The cultural heritage that Quiet Revolutions brings to our ears is incredible, to put it mildly. Since her debut album Shiwezwa, released in 2014, Namvula has blazed a trail both at home and abroad with her impressive array of music fusion, from African styles to Scottish folk. She is a singer-songwriter, photographer, music-making workshop facilitator and much more. Settled in London after living in Switzerland, Kenya, and the US, she celebrates her Zambian (mother) and Scottish (father) roots in collaborations with African percussionists and jazz devotees, such as Led Bib. The profound music waves you can hear in Quiet Revolutions – released by NMR Records – actually break the space between what you might hear as African influenced, European rock, and blues and jazz crossovers.
Both confident and smooth, Namvula’s voice offers us a journey through Zambian landscapes, via laments, prayers and tales about traditional customs. She also effortlessly switches between Zambian, French and English languages in the same song, motivating you to read her music as a message in a bottle cruising around the world’s oceans. Quiet Revolutions blows winds recalling bygone African female singers, Congolese rumba percussionists and Cameroonian musicians. So “Nalile (Little Sorrow)” is a tale song about Zambian women being forced to kill their own newborn girls because they didn’t give birth to a boy, which then evolves into a haven prayer in the light of Nina Simone’s “Blackbird”.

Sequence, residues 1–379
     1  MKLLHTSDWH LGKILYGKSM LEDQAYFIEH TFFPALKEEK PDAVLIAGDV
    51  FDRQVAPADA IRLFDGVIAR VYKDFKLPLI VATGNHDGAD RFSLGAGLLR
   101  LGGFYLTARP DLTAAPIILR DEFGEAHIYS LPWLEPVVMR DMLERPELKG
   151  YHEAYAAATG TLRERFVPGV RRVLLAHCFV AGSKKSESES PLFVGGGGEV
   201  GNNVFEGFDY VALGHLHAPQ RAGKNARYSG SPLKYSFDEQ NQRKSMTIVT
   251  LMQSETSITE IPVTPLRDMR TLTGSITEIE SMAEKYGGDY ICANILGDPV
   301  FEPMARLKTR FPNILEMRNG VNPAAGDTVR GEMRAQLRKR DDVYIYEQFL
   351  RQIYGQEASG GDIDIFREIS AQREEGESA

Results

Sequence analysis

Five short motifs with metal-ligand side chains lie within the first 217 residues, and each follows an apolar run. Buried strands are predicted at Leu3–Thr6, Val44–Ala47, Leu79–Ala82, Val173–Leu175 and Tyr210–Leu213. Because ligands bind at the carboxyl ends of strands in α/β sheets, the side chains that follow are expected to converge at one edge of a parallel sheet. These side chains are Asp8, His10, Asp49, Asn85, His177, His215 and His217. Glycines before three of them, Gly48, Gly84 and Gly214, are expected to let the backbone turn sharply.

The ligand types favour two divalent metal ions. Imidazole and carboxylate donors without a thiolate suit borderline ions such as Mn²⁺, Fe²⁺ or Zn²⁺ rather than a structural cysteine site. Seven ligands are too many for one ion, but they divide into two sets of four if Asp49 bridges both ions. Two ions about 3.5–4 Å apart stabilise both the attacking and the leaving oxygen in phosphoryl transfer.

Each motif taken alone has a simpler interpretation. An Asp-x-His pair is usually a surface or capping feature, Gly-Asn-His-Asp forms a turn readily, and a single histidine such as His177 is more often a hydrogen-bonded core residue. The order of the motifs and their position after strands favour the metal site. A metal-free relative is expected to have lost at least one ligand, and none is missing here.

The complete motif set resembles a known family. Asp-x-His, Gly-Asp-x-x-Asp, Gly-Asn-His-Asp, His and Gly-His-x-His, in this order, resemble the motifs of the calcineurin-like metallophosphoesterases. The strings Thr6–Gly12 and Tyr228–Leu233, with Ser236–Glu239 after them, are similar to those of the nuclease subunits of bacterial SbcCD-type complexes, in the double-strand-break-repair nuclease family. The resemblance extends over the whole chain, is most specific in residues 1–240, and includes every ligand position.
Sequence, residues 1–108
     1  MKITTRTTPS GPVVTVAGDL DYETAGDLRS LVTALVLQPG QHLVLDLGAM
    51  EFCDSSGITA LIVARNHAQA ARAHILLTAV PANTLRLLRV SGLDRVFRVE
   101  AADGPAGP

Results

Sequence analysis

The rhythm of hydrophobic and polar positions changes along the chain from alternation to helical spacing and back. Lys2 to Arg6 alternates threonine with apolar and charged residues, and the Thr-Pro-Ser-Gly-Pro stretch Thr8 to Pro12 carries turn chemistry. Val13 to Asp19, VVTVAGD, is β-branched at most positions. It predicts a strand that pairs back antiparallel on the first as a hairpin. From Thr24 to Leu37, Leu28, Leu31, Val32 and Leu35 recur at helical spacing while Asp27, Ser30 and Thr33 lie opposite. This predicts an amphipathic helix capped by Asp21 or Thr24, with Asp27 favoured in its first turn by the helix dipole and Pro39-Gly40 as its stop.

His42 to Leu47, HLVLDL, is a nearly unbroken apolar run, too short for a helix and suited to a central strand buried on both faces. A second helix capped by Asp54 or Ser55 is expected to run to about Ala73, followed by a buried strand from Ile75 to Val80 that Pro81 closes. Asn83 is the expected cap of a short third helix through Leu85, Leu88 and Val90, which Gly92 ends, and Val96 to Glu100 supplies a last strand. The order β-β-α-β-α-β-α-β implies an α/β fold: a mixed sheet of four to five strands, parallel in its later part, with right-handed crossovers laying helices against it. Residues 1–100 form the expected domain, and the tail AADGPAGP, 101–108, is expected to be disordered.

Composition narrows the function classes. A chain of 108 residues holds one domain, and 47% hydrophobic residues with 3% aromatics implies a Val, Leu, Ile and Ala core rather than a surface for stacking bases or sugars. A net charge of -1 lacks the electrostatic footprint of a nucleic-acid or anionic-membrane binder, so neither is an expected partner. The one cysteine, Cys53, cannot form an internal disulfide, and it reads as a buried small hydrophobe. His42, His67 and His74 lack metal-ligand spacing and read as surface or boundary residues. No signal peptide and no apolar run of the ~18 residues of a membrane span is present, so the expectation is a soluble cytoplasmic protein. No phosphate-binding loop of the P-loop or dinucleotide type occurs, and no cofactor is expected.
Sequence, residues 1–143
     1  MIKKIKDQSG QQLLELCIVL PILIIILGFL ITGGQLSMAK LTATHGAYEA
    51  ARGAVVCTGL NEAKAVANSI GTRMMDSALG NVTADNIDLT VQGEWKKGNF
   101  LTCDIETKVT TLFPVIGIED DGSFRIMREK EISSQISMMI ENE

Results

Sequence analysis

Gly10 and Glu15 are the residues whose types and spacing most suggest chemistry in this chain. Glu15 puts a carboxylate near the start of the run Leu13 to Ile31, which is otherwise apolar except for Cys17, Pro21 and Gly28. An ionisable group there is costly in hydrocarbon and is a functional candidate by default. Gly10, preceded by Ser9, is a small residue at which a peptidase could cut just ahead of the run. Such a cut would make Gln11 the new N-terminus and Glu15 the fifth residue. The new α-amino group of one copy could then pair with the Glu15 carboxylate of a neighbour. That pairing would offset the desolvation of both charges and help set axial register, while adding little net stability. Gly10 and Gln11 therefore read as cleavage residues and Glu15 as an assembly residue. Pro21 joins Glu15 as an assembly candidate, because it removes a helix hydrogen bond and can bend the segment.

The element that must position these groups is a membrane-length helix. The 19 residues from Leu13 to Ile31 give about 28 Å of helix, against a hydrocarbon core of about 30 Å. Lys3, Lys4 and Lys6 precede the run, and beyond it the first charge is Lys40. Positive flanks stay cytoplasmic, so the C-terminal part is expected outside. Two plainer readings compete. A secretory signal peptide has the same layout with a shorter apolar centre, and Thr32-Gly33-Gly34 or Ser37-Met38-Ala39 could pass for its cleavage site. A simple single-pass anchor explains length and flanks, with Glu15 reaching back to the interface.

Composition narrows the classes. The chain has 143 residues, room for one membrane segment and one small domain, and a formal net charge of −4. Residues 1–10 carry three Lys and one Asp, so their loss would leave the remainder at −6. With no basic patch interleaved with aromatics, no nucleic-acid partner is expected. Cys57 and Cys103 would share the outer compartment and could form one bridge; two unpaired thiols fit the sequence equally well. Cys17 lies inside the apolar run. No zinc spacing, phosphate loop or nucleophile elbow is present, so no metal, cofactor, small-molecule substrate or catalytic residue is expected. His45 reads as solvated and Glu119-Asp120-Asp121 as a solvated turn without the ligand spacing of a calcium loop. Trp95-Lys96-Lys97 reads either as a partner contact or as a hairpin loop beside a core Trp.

From one track to the next, you hear joyful interactions between marimba and kora, heightened by spiralling saxophone and flute interludes. “Zuba” follows as a whispered and gentle acoustic guitar chant – which is dedicated to Namvula’s niece’s move into womanhood – and continues into a full-bodied rearrangement with African and Cuban jazzy flavours with congas, marimba and saxophone.
Namvula’s guests in the studio sessions include Kadialy Kouyaté (on kora), but she also took on board two of Zambia’s leading folk musicians for a written collaboration. One is James Sakala, who donated his traditional traits of Zambian folk music on tracks “Nine Olimba” and “Nkondo”. Mumba Yachi also brings a Western pop sandblast into traditional sounds in the song “Moto”.
It is how expertly every song approaches cultural tales with fusion music that Namvula and her zealous band of fellow musicians make which remarkably captures our attention. Their humble devotion to joyful and honest music springs out of Quiet Revolutions as a warm smile in London’s chilly autumn weather.